Although Puerto Rico statehood is highly unlikely, at least for now, what would statehood mean to the digitally challenged island?

More Access to Government Programs

Recently, Congress and the FCC have earned a reputation for excluding Puerto Rico in their broadband initiatives, restricting many of those programs to the 50 states.  Unfortunately for the people of Puerto Rico, the island needs U.S. involvement to build out broadband infrastructure but has yet to see much help.

According to Connected Nation, in March 2012, the FCC failed to allocate any funds to Puerto Rico out of a $300 million capital injection for 2012 broadband build out.   Although Puerto Rico received $38.6 million for its broadband infrastructure under the National Telecommunications and Information Administration’s Broadband Technology Opportunities Program (BTOP), the organization most recently awarded West Virginia, Hawaii, and Alaska $192, $96.5, and $62.5 million, respectively, for similar infrastructure programs.  Based on the most recent U.S. Census Bureau findings, Puerto Rico has the third highest population density, 1,083 inhabitants per square mile, of U.S. states and territories, ranking between New Jersey and Rhode Island.  Comparatively, New Jersey received $102,178,314 and Rhode Island received $84,279,345 in BTOP funds to build infrastructure.  In fact, with President Obama’s reelection, and his evidenced commitment to the communications industry, it is very likely that the U.S. will continue on this trend of promoting broadband investment.  Puerto Rico will likely be part of this equation, but to a lesser degree than the states.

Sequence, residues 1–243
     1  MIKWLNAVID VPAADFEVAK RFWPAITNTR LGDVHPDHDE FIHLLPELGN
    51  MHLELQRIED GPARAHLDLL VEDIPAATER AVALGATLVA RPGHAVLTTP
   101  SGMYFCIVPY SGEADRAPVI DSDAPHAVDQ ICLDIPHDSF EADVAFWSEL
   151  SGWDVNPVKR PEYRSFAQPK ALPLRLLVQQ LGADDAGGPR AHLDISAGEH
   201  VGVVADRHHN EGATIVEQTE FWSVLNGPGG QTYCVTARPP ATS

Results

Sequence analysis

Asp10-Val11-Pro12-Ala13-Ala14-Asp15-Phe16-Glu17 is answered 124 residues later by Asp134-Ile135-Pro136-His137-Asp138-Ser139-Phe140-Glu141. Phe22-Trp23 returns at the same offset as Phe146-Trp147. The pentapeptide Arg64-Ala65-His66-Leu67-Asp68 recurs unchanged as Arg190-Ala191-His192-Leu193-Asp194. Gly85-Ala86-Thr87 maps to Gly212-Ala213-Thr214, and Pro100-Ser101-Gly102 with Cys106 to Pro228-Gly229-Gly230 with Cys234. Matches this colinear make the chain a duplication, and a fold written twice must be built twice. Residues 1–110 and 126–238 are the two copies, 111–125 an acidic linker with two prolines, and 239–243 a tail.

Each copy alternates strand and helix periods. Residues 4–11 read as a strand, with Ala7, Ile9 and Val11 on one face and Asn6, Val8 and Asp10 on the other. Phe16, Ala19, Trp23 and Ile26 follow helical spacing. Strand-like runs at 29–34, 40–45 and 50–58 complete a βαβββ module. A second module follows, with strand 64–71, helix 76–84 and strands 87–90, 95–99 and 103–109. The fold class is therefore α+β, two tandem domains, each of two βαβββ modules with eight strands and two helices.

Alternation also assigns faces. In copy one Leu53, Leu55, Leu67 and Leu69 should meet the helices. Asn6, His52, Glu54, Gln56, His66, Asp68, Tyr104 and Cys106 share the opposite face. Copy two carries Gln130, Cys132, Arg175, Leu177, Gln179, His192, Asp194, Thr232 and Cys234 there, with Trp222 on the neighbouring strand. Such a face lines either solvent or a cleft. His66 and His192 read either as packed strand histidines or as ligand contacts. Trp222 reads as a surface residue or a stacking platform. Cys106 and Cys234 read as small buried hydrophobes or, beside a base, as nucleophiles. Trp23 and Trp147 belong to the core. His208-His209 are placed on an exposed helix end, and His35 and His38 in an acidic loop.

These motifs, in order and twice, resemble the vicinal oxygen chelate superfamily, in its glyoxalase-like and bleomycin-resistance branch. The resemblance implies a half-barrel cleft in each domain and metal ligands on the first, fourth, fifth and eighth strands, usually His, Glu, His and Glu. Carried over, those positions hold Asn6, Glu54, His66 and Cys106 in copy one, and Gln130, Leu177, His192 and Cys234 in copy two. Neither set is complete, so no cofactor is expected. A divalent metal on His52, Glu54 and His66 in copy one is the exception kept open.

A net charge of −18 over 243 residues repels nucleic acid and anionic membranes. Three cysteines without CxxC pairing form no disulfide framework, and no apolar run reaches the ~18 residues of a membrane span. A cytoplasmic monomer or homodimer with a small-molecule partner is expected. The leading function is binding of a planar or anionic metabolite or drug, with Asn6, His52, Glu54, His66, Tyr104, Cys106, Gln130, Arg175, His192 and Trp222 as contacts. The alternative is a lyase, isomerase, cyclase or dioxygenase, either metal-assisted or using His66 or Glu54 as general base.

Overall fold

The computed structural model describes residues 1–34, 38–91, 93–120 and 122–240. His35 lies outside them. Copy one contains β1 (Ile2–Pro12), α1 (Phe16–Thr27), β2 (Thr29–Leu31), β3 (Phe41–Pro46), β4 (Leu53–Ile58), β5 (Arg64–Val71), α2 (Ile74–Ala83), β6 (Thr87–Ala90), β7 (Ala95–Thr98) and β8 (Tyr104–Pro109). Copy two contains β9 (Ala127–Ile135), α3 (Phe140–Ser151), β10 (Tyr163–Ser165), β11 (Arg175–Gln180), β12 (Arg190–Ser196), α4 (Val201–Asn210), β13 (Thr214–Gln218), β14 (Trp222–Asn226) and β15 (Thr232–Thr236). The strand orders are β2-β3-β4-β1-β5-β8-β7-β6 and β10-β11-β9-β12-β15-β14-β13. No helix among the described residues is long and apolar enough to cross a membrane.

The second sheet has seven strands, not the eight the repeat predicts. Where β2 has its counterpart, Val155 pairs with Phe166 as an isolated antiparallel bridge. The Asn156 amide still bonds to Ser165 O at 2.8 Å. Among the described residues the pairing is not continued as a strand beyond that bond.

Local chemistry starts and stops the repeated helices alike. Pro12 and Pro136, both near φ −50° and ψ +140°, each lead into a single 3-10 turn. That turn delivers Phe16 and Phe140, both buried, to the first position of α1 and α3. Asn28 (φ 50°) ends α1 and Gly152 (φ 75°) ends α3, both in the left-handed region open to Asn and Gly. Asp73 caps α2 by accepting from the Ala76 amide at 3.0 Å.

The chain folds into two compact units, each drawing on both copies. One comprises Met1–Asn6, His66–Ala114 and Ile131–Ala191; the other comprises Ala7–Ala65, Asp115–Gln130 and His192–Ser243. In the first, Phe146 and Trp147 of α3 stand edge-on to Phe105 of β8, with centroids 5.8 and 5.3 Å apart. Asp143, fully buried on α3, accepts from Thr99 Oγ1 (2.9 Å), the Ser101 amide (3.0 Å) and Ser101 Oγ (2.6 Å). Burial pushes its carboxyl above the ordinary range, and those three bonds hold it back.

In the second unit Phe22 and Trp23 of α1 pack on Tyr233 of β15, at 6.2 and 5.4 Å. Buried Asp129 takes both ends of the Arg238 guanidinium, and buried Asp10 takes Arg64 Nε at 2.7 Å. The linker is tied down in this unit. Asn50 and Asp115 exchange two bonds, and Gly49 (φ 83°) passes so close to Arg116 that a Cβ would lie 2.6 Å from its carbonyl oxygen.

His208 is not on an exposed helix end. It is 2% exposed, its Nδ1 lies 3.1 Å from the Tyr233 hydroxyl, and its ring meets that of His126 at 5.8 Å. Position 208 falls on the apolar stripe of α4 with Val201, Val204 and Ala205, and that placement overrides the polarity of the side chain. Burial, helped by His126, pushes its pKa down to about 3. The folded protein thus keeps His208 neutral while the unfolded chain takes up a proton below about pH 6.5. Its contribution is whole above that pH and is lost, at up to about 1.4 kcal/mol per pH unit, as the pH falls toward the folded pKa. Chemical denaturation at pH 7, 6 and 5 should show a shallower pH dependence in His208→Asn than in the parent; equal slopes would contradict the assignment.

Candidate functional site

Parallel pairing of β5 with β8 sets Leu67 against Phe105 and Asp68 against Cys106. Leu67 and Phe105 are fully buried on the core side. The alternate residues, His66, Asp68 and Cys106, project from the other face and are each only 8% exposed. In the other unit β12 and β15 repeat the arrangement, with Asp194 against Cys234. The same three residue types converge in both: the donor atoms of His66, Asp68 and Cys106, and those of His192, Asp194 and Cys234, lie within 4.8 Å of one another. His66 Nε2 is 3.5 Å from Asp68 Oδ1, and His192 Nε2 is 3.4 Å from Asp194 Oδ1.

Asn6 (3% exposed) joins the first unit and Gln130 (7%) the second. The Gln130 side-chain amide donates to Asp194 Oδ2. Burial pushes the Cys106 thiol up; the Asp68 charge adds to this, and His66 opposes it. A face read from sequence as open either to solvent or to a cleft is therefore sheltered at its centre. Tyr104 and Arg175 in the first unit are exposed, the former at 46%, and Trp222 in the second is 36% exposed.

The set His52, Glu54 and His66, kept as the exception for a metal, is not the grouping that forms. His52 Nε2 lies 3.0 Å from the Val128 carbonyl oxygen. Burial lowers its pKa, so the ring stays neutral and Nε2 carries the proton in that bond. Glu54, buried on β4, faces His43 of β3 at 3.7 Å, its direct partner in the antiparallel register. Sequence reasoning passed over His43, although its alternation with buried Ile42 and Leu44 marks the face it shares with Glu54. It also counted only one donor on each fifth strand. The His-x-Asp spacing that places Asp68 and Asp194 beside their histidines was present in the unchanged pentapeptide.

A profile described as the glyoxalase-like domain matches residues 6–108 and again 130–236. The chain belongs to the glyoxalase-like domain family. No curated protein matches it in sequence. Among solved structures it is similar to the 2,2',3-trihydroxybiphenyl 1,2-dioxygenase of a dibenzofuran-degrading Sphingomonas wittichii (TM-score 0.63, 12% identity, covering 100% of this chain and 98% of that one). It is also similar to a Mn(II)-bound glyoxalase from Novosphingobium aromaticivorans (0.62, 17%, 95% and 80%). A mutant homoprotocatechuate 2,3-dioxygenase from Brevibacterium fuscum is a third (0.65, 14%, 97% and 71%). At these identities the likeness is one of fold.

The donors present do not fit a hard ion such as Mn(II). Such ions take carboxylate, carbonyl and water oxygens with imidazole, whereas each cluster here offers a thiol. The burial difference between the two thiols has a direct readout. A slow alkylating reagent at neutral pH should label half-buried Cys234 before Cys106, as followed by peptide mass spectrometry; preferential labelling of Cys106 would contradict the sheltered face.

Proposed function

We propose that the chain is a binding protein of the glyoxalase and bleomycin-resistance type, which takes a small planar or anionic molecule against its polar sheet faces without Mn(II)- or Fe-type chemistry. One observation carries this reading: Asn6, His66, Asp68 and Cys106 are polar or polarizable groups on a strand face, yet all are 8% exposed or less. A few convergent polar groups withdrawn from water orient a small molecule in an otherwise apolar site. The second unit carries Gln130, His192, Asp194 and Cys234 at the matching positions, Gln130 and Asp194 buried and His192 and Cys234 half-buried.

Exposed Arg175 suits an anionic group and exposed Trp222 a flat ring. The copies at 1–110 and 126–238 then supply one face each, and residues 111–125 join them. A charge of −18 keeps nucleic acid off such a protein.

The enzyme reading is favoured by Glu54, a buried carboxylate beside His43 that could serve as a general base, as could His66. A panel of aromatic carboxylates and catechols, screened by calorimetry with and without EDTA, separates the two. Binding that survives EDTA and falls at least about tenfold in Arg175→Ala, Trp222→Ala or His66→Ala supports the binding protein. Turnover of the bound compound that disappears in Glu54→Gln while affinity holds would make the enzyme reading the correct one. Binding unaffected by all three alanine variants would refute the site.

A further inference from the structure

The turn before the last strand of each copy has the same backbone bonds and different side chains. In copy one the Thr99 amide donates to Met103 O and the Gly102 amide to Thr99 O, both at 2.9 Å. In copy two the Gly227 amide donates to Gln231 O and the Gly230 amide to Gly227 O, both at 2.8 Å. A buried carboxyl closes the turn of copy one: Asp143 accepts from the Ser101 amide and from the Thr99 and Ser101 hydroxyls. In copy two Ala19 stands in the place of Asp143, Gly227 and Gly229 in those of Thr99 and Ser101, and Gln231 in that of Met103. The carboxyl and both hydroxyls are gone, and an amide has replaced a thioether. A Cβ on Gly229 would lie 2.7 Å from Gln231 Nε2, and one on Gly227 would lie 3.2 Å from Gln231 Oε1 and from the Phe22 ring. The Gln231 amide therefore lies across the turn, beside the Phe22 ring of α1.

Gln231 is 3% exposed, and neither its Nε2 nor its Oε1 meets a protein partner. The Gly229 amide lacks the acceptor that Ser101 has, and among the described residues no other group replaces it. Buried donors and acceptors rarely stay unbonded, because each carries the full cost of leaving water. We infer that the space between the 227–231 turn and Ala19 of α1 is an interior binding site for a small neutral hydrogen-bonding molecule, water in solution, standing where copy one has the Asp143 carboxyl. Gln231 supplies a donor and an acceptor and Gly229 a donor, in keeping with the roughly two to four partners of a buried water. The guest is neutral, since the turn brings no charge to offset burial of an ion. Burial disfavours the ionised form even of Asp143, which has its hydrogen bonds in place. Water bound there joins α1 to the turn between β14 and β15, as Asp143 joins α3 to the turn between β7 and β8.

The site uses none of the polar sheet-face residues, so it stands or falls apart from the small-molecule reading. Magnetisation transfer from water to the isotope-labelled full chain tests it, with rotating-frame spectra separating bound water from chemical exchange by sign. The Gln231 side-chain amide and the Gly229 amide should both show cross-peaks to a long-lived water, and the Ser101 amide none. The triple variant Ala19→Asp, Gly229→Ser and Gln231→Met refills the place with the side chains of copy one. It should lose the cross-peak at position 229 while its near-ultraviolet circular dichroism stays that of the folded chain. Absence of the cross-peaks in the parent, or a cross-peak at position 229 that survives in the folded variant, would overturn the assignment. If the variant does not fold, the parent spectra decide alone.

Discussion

Major Growth in Broadband Adoption and Deployment Investment

Presently, communications companies cite lack of interest in broadband and adoption on the island as a major blow to the business case for investing in deployment.  Eighty-six percent of Puerto Rican households have access to basic, fixed broadband (768 Kbps), but broadband adoption rates in the territory are severely anemic compared to the 95 percent of mainland U.S. households that have access to the service.  Of the Puerto Rican households that have access to broadband, only 31 percent actually subscribe, compared with 68 percent of mainland U.S. households.

Puerto Ricans need both access to broadband and education about the benefits of the technology to spur adoption rates.  This means more money for programs to teach the citizenry of the benefits of broadband.  Puerto Rican statehood would mean that there would likely be a government and private infusion of information and training to increase Puerto Rico’s adoption numbers, which would in turn likely spur investment in deployment.

Opportunities for STEM Education and a Boost in Telehealth Capabilities

The need for access to online education and telehealth is growing daily.  Unfortunately, Puerto Ricans would not be able to access these modern miracles at current broadband levels.